EBITDA stands for earnings before interest, taxes, depreciation, and amortization and is an indicator of a company's financial performance.

Earnings Per Share (EPS)

EPS is a company's net profit divided by the number of its outstanding shares, indicating the profitability on a per-share basis.

Economic Order Quantity (EOQ)

EOQ is the ideal order quantity a company should purchase to minimize its inventory costs such as holding, shortage, and order costs.

Economic Value Added (EVA)

EVA is a measure of a company's financial performance based on the residual wealth calculated by deducting its cost of capital from its operating profit.

Efficiency Ratios

Efficiency ratios measure a company's ability to use its assets and manage liabilities effectively.

Enrolled Agent

An Enrolled Agent is a tax advisor who is a federally-authorized tax practitioner empowered by the U.S. Department of the Treasury.


Equity represents the value of ownership interest in a firm, calculated as total assets minus total liabilities.

Equity Financing

Equity financing involves raising capital through the sale of shares in a company.

Expected Value

Expected value is a calculated average of all possible values in a probability distribution, used in financial decision-making.


Expenses are the costs of operations that a company incurs to generate revenue.


Fictitious Asset

Fictitious assets are not real assets but deferred expenses that are listed as assets in a company’s balance sheet.

Financial Analysis

Financial analysis involves evaluating businesses, projects, budgets, and other finance-related entities to determine their performance and suitability.

Financial Analytics

Financial analytics involves using financial data to assess a company's performance and make recommendations about how it can improve going forward.

Financial Automation

Financial automation involves using software to automate key financial operations like accounting, invoicing, and reporting.

Financial Forecasting

Financial forecasting is the process of estimating or predicting how a business will perform in the future.

Financial KPIs

Financial KPIs (Key Performance Indicators) are metrics used to evaluate a company's financial health and business strategy effectiveness.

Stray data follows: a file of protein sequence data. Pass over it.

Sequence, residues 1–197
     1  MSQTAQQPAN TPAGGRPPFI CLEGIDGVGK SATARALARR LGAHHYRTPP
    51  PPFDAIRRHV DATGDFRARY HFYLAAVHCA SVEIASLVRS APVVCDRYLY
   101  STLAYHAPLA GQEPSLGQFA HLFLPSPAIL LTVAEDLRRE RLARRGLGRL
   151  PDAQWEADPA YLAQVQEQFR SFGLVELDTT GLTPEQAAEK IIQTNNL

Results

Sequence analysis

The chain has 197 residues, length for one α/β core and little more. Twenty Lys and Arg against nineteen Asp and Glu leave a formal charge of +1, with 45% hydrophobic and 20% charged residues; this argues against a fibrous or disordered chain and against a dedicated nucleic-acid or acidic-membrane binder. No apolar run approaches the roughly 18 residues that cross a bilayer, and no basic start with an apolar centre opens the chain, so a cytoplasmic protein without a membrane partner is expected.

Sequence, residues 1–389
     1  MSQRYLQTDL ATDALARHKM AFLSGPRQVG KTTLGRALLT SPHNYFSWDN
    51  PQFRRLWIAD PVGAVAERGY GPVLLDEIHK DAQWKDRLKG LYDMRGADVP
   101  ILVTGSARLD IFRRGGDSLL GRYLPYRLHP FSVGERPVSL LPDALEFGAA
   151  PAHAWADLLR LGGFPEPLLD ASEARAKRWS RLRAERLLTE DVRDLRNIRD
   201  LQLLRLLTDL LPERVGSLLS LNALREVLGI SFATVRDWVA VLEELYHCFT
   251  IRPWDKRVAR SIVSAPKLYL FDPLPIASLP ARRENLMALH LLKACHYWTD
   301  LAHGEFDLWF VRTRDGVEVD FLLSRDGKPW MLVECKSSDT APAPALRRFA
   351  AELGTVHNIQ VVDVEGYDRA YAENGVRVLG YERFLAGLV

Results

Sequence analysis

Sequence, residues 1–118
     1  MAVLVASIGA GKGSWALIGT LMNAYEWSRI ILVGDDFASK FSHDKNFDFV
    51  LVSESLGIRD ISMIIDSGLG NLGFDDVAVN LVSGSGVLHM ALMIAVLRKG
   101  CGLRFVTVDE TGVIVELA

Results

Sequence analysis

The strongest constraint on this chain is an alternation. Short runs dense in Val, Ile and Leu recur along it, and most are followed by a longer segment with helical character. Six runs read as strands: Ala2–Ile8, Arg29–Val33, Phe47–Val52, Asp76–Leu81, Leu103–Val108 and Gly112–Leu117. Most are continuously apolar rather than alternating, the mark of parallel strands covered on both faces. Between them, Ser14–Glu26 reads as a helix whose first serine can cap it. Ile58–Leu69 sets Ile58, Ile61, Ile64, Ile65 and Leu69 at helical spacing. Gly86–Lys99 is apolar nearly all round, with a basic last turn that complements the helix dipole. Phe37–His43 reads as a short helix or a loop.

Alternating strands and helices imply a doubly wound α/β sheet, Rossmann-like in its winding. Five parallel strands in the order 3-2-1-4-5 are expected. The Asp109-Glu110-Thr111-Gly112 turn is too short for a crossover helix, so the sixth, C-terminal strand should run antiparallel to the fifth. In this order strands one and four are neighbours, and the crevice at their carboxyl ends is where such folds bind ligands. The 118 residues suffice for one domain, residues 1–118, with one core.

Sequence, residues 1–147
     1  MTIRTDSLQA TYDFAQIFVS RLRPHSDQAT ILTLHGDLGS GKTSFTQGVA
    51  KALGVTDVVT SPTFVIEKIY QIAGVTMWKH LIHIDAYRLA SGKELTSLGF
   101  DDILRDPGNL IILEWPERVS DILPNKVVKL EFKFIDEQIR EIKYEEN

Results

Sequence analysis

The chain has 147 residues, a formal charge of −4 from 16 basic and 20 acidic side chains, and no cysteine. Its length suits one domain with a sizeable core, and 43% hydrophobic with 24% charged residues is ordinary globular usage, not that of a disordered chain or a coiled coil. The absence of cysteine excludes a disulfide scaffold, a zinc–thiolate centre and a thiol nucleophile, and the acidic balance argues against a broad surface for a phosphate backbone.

Financial Modeling

Financial modeling is the process of creating a summary of a company's expenses and earnings in the form of a spreadsheet that can be used to calculate the impact of a future event or decision.

Financial Planning

Financial planning involves creating a comprehensive plan for managing financial affairs to meet life goals and ensuring long-term financial security.

Financial Ratios

Financial ratios are used to assess various aspects of a company's financial health, from profitability and liquidity to debt, efficiency, and market valuation.

Financial Reporting

Financial reporting involves the disclosure of financial information to management and the public (if the company is publicly traded) about how the company is performing over a specific period.

Financial Statement

A financial statement is a formal record of a company's financial activities, providing a view of its financial condition.

Fiscal Year

A fiscal year is a one-year period that companies and governments use for accounting and budget purposes.

Fixed Assets

Fixed assets are long-term tangible assets that a company owns and uses in its operations to generate income.

Fixed Costs

Fixed costs are business expenses that remain constant regardless of business activity level.

Flexible Budget

A flexible budget adjusts or flexes for changes in the volume of activity, providing a more useful tool for performance evaluation.

FP&A Analyst

An FP&A Analyst performs financial planning and analysis for an organization, a role crucial for guiding business decisions with financial insights.

Free Cash Flow (FCF)

Free cash flow (FCF) is the cash a company generates after accounting for cash outflows to support operations and maintain its capital assets.


Generally Accepted Accounting Principles

Generally Accepted Accounting Principles (GAAP) are a collection of commonly-followed accounting rules and standards for financial reporting.

Gross Margin

Gross margin is a company's net sales revenue minus its cost of goods sold (COGS), representing the portion of each dollar of revenue that the company retains as gross profit.

Gross Profit